Otie has written 35 reviews for films during 2021.

  • Holler

    Holler

    ★★★½

    With the color palette of Guston's Blue Water, of Rosetta and Wanda, the red shutters on chipped blue stucco of Made in U.S.A., this picture – the film people thought Winter's Bone was – reminds its viewers of the worst tendencies of American independent film fest poverty porn by just barely avoiding them, lending Music Row detail to a rust belt narrative that's trite at large – like New York Times reporting on how the other half lives – but…

  • $5.15/Hr.

    $5.15/Hr.

    ★★

    Support. the. Girls.

  • Six in Paris

    Six in Paris

    ★★★½

    Something like an étude, a study in location and neighborhood, putting documentary means to fictional ends. Credit to Barbet Schroeder as producer/auteur.

    Rohmer's and Chabrol's shorts – dark comedies of the bourgeoisie – have the most narrative sophistication; Pollet's struck me as a trifle but that may be the point; while Jean Rouch's Gare du Nord impresses most of all, with its bravura single take.

    Godard's is a story told by Belmondo in Une femme est une femme, from Giraudoux;…

  • Days of Being Wild

    Days of Being Wild

    ★★★★½

    The sheer bravura whatever-does-it-mean un-necessity of the Tony Leung coda, this enigma appearing from nowhere to smoke as soft as possible in a room too short by half… I watch this movie again and again and only remember–more than the famous minute–the two seconds on the roof. In my head it's Wong's on-the-roof-in-the-Phillipines movie, when in fact it's Maggie Cheung and Andy Lau, Welles and Godard, her heels in an alley, his back to the telephone booth. At night the streets.

  • Midnight in the Garden of Good and Evil

    Midnight in the Garden of Good and Evil

    ★★★

    Doesn't even touch upon what a force Jim Williams was for good in Savannah, preserving – sometimes with his bare hands – entire swaths of the historic district, which would – not might – have otherwise been desecrated, like the entire United States, by a sea of parking lots, nor does it bother to mention that the prosecution acted with extreme prejudice to avenge the city's spoiled carpark dreams, or that homophobic Savannah juries convicted Williams three times before the acquittal…

  • Duelle

    Duelle

    ★★★★

    If other movies depict mystery, Duelle embodies it, inventing the Lynchian by standing actors and crew in a room like they're an enigma in a riddle. What could be more fantastic or uncanny than the ordinary, Juliet Berto unfurling incantations with her decisive hands. Rivette revisits the baffling locations of film noir, an aquarium, a botanical garden, a locker room, while women play dress up as an essential part of battling for their place in the world. Endlessly associative and open, making – like Anger's Puce Moment – the past, future, and present one.

  • Mr. Jealousy

    Mr. Jealousy

    ★★★

    Typically for early Baumbach, all the parts that aren't the movie are terrific; the less audible the dialogue, the funnier it is; the more irrelevant the side characters, the better they are. If this had 30 minutes of Carlos Jacott and John Lehr squabbling in a diner, instead of four, it'd be a five-star Gesamtkunstwerk. They can't all be Conrad & Butler Take a Vacation, sadly.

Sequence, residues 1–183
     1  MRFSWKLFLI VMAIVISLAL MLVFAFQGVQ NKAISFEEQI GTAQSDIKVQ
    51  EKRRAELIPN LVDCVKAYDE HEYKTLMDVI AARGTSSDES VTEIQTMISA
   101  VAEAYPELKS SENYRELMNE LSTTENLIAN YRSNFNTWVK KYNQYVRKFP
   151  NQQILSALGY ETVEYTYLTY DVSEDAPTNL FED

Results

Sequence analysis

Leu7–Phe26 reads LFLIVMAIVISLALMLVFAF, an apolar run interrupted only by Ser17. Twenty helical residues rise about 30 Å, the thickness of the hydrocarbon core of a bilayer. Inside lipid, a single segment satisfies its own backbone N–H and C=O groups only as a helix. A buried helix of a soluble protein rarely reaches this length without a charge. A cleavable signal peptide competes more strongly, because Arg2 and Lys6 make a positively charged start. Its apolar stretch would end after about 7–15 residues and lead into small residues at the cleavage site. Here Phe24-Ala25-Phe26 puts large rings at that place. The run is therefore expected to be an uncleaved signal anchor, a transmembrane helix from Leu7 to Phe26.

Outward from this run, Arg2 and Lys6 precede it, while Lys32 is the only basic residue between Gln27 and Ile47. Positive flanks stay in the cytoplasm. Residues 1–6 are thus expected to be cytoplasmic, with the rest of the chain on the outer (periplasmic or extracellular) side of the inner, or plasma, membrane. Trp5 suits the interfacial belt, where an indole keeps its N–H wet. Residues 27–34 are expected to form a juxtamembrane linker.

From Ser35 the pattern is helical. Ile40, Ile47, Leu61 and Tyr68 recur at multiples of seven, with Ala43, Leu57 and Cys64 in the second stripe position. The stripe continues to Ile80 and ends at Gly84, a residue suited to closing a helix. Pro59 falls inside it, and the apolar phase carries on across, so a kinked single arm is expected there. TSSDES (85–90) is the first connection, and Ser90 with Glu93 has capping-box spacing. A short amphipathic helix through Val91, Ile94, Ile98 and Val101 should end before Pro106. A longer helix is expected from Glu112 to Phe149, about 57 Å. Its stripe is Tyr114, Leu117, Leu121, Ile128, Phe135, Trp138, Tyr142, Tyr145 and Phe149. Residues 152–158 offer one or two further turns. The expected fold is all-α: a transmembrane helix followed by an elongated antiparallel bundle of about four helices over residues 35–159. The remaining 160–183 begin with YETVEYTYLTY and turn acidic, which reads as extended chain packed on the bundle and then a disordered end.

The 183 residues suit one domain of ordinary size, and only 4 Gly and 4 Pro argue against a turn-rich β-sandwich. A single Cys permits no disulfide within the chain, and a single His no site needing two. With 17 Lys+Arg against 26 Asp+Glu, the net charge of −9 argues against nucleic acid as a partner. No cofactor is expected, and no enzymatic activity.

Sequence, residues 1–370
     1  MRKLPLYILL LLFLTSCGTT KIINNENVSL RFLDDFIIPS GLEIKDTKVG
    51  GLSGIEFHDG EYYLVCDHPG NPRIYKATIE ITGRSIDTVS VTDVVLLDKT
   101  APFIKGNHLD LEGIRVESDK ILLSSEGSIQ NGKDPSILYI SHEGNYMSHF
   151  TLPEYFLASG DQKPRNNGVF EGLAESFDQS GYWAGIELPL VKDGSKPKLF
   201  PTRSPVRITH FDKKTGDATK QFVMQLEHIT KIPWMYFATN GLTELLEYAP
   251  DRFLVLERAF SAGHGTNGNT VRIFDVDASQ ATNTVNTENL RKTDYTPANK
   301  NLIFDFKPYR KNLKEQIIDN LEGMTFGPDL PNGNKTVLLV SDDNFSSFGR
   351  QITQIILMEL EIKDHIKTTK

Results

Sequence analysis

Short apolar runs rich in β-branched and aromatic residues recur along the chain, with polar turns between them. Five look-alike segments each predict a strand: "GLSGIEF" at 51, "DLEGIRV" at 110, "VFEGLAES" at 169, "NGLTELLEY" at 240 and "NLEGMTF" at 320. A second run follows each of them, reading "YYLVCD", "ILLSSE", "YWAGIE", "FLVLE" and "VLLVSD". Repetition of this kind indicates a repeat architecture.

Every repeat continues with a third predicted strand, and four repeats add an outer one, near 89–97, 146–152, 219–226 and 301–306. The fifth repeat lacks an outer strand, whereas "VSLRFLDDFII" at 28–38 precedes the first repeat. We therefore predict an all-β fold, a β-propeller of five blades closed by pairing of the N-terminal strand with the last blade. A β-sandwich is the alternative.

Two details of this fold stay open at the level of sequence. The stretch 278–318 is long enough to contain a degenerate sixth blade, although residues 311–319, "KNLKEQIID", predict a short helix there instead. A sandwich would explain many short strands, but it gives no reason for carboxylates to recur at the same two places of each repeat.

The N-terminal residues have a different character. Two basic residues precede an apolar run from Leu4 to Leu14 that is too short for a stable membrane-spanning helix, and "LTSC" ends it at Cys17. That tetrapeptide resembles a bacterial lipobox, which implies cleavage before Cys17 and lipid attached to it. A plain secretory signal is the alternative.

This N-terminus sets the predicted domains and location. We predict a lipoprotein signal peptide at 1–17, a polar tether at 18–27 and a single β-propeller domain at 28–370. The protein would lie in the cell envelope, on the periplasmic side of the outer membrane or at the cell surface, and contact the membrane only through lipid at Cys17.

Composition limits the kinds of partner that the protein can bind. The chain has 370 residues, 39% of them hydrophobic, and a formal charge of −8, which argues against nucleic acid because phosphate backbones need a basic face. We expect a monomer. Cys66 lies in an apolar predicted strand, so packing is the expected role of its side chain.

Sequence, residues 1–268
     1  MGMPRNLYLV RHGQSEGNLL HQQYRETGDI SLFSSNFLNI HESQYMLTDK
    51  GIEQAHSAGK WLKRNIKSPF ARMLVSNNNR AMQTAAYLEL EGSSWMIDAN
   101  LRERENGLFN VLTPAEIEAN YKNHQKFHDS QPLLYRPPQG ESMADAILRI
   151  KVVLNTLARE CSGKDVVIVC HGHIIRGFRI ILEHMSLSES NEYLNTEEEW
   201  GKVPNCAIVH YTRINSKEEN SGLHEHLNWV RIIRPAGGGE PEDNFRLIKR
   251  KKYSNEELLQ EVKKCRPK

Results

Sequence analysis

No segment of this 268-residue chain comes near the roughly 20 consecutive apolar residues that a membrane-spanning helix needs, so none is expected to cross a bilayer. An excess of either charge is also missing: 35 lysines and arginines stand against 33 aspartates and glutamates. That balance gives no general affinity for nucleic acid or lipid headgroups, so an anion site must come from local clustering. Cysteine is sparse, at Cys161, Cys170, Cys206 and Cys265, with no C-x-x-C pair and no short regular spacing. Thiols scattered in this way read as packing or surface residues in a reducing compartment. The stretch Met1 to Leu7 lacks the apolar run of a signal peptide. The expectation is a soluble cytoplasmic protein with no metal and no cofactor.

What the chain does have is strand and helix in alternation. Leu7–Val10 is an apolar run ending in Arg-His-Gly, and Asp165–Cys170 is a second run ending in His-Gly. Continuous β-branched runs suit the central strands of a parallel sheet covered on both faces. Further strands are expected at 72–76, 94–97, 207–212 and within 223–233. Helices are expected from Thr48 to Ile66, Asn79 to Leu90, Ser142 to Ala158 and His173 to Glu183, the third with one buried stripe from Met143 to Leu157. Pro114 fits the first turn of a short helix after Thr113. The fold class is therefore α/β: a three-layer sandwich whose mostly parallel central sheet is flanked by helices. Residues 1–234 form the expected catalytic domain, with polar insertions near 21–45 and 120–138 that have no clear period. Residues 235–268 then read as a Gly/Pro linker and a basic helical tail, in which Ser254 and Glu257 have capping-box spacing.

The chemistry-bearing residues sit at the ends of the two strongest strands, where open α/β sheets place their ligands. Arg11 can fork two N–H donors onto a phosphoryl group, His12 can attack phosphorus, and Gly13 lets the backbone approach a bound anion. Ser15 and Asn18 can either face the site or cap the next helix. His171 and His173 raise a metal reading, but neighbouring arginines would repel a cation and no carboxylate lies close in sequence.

• My Neighbors the Yamadas

    My Neighbors the Yamadas

    ★★★½

    Blessed with perfect vibes, and theme music by Akiko Yano that's almost as charming as Vince Guaraldi's, Yamadas faithfully adapts a Sunday comic strip in the style of golden age sitcoms. It's long, lived-in, and understated. If the idea of adapting a funny paper into a movie one four-panel sequence at a time, without a story or anything but Basho haikus to hold it together, seems cursed, the mundane blissful flawlessness of the source material, a Peanuts for the everyday, makes up for it, finding tiny morals in life's foolishness, not to scold but to celebrate–with a whistle and a wah-wah–the perfectly average.

  • Shiva Baby

    Shiva Baby

    ★★★

    Aesthetically kind of heinous, at least when its anamorphic handheld cinematography recalls Krisha more than Fleabag, Seligmann aims for a horror-comedy in which the audience has deep empathy for its protagonist, trying for a microbudget Uncut Gems-style panic attack thrill ride but make it claustrophobic and chaotic bisexual, and if she falls short, which she does, and the life that was present in the short is partly sucked out by the feature's visual ambitions and need to stretch out, then,…

  • Modern Romance
  • The World in His Arms

    The World in His Arms

    ★★★★½

    That Boston man, he come like hurricane, out of Salem by way of San Francisco, bound for Sitka on the Pilgrim of the Sea. The wind is fair and we don't wait, because he has to meet a woman. Any woman. The world's a stage when a lady's present—and every man's a gambler. (Otherwise they would never marry). Go inside, grab yourself a drink, get into the fight.

    The fun in having it all is acting like you can't lose;…

  • Please, Please Me!

    Please, Please Me!

    ★★★½

    Mouret at his most slapstick. For anyone that loves Jerry Lewis.